9,000 Women to Sue Disney for Pay Disparity | lovebscott.com

A class action lawsuit that alleges that Disney paid 9,000 women less than their male counterparts is allowed to move forward, according to a judge.

via Variety:

The suit is the largest ever certified under California’s Equal Pay Act, which makes it illegal for workers to be paid less for substantially similar work based on their gender.

Lori Andrus, the plaintiffs’ attorney, applauded the ruling outside the courtroom in downtown Los Angeles.

“Disney has been gaslighting these women for four years,” she said. “They love their jobs. They love the brand. But they want to be respected and treated the way they should be in the workplace.”

Disney expressed disappointment in a written statement.

“We are disappointed with the court’s ruling as to the Equal Pay Act claims and are considering our options,” a company spokesperson said.

Judge Elihu M. Berle rejected Disney’s arguments that the case will so sprawling as to be unmanageable.

Disney’s attorney, Felicia Davis, argued that the plaintiffs are seeking to compare salaries across thousands of job groups, which reflect the decentralized decisions of thousands of managers.

The class includes female Disney employees who have worked for the company in California since April 1, 2015, in a non-union position below the level of vice president, and who have been assigned to a job family and level. It covers employees from the Disneyland hotels and theme park, the cruise line, the Disney film and TV studios, ABC, Marvel, Lucasfilm, and other units. It does not include Pixar, ESPN, Hulu, Fox, or FX.

Davis argued that just because two employees are in the same job family and level, that does not mean their work is “substantially similar.” She rattled off a long list of job titles — music producers, pastry chefs, nurses, architects, ride engineers, visual effects directors, security dog handlers, Star Wars social media managers — to argue that the class members were too diverse to merit certification.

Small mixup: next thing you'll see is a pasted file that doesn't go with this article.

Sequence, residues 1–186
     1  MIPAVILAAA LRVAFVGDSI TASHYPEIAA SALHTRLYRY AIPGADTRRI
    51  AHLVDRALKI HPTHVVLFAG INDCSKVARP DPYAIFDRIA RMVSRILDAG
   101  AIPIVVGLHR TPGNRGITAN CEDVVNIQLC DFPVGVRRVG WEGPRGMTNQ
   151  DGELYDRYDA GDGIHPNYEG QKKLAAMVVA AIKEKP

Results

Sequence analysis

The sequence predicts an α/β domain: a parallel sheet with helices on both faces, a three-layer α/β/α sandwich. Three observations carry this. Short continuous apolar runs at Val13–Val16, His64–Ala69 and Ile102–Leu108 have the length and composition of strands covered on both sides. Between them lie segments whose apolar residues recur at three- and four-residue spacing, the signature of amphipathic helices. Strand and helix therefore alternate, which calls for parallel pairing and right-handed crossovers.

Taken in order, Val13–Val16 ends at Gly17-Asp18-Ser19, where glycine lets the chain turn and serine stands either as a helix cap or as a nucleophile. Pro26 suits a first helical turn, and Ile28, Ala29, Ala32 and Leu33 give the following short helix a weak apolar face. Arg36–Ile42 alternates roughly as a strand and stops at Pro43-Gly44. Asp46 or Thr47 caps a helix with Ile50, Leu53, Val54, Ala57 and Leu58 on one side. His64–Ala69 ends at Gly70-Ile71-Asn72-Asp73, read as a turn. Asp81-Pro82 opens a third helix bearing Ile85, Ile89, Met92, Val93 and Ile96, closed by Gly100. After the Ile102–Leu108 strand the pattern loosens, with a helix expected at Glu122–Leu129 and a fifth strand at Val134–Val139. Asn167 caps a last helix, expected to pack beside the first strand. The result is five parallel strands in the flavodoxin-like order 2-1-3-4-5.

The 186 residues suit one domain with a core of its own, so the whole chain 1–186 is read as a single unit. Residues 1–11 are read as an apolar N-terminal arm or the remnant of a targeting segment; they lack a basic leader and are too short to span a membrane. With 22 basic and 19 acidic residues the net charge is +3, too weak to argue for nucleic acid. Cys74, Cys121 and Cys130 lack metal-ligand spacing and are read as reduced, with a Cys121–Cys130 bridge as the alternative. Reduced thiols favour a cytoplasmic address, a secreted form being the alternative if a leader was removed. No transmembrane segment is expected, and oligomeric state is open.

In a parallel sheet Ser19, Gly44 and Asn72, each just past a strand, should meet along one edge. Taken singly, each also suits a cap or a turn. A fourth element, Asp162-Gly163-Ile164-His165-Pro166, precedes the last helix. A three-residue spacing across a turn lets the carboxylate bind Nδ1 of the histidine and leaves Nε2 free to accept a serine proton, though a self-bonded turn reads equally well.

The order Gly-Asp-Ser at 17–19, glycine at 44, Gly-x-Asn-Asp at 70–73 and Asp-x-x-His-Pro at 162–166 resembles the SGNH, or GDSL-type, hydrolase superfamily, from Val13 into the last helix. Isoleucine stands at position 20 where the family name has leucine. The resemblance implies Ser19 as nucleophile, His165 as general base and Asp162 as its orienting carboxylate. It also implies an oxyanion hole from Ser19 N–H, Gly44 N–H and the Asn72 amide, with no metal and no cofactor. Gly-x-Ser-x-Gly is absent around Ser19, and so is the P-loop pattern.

“These are different segments, different business areas, in different locations,” she said. “They report to different managers. They are in completely different industries which pay completely differently.”

Davis argued that Disney will have to put on a massively complex defense at trial in order to show that any disparities were the result of allowable factors, such as education, training and experience.

“I know — it’s going to be horrendous,” Berle said, in a lightly mocking tone, challenging the argument that there is no efficient way to establish pay disparities across large groups. “You’re telling me Disney has no system of categorizing pay grade levels?”Both sides have retained experts to prove, or disprove, a gender pay gap. Andrus said that starting pay across the class is 2% lower for women than for men.

Andrus was also pursuing a parallel claim under the state’s Fair Employment and Housing Act, which would cover a broader group of 12,000 women.

Berle denied class certification on that claim. The claim rested in large part on the issue of using a new hire’s pay history as a factor in determining their starting salary. Andrus argued that practice discriminated against women.

Berle held that Disney managers were allowed — until 2017 — to use pay history as a factor, but not required to do so, and that therefore, there was no companywide policy to challenge.

Davis declined to comment outside court, referring questions to Disney.

A status conference is set for Feb. 9. The trial is expected to be held sometime before October, Andrus said.

We’re sure Disney is going to settle before this ever makes it to trial.

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